Brain Awareness Week
(BAW) is a international effort started by the Dana Alliance for Brain
Initiatives and the Society for Neuroscience to
promote the public and personal benefits of brain research. The official
week for the next BAW is March 12-18, 2012, but any time
is a good time to get involved.
To start the Open House, students were led by Dr. Eric Chudler through
an interactive, multimedia "Brain Assembly" to learn about the nervous
system. The students learned about neurotransmission, compared the brains
of different animals and played with some visual illusions.
Students then visited exhibits set up by University of Washington
departments and other organizations. Students were connected to a
transcranial Doppler machine to measure their brain blood flow (UW Dept.
of Anesthesiology & Pain Medicine). The Neurobiology and Behavior
Community Outreach Program had exhibits to test the senses and materials
to build neuron models. The Pacific Science Center provided many exhibits
that they bring out to schools. The DO-IT program, UW Department of
Otolaryngology, Institute for Learning and Brain Sciences, Northwest
Association for Biomedical Research, Department of Biology, Center for
Sensorimotor Neural Engineering, Unite for Sight, Youth Take Heart program
and Seattle Hydrocephalus Support Group also provided exhibits.
Planaria exhibit (stem cells)
Doppler brain blood flow
Comparative neuroanatomy display
"Magic" water illusion
Fly flight simulator
Dr. Chudler's Brain "Assembly"
Thank you very much for putting on another amazing experience for all:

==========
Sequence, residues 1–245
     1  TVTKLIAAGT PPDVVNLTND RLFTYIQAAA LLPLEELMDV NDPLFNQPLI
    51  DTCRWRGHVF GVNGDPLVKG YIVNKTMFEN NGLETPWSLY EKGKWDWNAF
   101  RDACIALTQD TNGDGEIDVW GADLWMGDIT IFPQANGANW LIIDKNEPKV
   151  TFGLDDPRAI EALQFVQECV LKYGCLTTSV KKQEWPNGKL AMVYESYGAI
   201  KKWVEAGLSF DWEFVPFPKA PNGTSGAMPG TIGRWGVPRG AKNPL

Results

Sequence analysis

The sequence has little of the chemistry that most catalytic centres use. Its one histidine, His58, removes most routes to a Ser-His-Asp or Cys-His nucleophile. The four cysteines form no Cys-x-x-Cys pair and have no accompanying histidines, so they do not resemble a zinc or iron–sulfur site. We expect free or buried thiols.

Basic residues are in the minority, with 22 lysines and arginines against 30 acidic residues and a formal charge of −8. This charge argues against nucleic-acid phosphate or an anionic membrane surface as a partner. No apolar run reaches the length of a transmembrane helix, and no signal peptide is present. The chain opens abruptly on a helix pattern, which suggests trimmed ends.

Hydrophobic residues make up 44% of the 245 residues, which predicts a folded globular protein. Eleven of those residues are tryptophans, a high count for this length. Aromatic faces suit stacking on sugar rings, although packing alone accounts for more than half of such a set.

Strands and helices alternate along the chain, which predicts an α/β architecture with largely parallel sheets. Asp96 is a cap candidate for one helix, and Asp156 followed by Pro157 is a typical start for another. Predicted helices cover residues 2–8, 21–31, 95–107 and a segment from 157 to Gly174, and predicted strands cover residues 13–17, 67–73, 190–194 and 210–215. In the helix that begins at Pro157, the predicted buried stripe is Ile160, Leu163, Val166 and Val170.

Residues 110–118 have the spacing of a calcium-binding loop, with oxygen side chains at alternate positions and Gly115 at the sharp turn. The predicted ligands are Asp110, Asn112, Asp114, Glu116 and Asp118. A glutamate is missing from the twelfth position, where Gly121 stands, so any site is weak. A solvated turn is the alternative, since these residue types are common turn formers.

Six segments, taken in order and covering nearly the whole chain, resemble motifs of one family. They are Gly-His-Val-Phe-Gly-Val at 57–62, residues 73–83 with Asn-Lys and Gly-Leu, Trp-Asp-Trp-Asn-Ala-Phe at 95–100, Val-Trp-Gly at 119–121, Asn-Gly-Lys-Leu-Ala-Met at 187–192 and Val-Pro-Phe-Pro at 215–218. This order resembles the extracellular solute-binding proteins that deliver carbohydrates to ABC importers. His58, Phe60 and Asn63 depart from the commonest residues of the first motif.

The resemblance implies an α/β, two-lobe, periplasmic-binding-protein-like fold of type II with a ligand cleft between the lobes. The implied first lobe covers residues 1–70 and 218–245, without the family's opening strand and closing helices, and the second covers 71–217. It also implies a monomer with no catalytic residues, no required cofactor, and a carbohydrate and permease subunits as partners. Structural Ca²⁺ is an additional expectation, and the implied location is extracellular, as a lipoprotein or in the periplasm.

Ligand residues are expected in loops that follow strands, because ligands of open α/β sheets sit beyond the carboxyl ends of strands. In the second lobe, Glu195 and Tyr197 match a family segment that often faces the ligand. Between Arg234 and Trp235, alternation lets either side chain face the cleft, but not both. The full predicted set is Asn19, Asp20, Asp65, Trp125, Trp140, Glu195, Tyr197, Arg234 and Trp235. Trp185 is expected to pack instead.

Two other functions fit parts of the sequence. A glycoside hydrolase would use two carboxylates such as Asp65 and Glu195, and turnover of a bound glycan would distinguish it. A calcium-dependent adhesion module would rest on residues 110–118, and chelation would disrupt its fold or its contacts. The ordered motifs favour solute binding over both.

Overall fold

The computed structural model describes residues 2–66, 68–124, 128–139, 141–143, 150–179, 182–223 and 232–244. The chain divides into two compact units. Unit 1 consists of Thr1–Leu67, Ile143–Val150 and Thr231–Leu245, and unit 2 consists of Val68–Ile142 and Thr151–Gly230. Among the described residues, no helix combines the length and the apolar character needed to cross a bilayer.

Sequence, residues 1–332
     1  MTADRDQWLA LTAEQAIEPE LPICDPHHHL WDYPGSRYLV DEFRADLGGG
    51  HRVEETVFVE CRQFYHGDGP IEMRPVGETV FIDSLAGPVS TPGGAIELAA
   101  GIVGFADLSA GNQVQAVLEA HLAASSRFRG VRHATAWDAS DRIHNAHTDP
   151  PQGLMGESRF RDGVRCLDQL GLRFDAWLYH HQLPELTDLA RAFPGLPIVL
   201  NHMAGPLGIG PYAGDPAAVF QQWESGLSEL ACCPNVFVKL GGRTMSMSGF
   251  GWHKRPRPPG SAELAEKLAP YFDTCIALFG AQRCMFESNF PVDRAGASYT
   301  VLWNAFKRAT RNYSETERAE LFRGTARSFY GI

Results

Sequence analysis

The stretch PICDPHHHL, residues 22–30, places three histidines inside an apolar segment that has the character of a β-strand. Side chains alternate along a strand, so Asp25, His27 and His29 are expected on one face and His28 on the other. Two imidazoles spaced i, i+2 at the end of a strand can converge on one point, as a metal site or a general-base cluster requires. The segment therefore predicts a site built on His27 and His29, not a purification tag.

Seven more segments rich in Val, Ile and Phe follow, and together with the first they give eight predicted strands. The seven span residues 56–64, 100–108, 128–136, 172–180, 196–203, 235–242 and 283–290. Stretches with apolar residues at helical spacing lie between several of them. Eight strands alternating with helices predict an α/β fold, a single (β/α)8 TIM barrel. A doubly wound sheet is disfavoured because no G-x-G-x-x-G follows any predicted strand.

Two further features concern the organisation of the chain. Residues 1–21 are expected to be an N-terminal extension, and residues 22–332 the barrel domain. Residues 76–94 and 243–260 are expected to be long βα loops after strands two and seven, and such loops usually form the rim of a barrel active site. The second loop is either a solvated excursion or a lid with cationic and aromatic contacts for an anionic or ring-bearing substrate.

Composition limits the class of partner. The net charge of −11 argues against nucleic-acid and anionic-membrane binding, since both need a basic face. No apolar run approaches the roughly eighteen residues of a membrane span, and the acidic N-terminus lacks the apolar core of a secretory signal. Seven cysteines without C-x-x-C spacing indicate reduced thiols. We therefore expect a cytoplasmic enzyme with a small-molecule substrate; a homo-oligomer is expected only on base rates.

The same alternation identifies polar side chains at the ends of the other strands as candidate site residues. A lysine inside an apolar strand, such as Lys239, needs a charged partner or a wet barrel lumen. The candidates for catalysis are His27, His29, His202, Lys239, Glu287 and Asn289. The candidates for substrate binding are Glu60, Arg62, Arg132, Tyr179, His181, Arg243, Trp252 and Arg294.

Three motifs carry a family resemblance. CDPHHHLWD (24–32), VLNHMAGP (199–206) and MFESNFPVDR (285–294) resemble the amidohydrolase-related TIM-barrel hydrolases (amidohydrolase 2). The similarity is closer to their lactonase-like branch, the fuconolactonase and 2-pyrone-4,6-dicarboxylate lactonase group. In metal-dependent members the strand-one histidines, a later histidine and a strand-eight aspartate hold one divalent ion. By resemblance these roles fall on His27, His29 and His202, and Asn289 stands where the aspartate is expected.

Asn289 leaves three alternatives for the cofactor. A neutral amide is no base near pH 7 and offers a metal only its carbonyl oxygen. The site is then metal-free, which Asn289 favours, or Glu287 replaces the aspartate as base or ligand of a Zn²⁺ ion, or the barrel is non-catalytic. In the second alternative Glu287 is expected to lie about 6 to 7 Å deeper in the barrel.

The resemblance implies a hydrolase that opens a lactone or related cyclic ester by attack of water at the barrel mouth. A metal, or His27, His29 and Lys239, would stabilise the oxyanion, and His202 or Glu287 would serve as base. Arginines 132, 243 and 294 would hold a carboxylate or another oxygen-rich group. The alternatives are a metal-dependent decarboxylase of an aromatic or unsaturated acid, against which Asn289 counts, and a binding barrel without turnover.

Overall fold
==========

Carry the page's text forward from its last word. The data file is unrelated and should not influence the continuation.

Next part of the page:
students, parents, and teachers! I was extremely impressed by this year's
Open House. I thought that all of the stations were extremely well
planned and executed. The students cannot stop talking about how awesome
We loved Brain Awareness Week! My kids were in awe of all that they
saw and learned. Pretty amazing stuff. The thing that touched my heart
about our visit to BAW was one of my students told me she wanted to be a
scientist. She loved everything! She never gets excited about anything
and the fact that she wants to be a scientist is fantastic. Another one of
my students brought a book of illusions he had to school on Friday and
shared them with the class. Very cool.
Our students had a blast during Brain Awareness Week Open House. Your
event was amazing. I cannot believe how many engaging hands-on booths
there were. The kids were upset they had to leave after spending two hours
at the event! The students that got to go felt privileged and when they
returned they prepared an interactive presentation for their classmates.
Thank you again for inviting us. I have recommended that our 6th grade
teachers apply for your event next year. It was so much fun!
My kids' eyes were opened by the things they saw. When we talked about
their favorite things were I could see a spark in their eyes that I feel
will move them to learn more. I didn't get a chance to teach anything
before we came due to time and all the curriculum we have to cover in 5th
grade. I plan to use your websites etc to show my kids more of what they
might of missed etc. and to continue their learning.
Hearing the experts in various aspects was wonderful. As I told my
class, I am no expert, not even close, in the brain so this was their
chance to interact with folks who do have expertise areas revolving around
My students were able to make real connections between what they
learned in school and how scientists work in this field as a career. This
is a great opportunity for the kids. This open house let the children have
hands-on experience that is essential for concrete minds. This event made
learning about the brain fun and understandable.
Huge benefits!! Lots of learning for all our fifth grade students
whether they knew a little or a lot to begin with. The 'assembly' followed
by the interactive/exploratory format works well.
My students were so excited they actually came back the next morning
with things they had written about it without my even having assigned
A very important benefit is the hands-on component of each station and
presentation. I think the students came away with not only a better
understanding of the brain, but also with more excitement about science.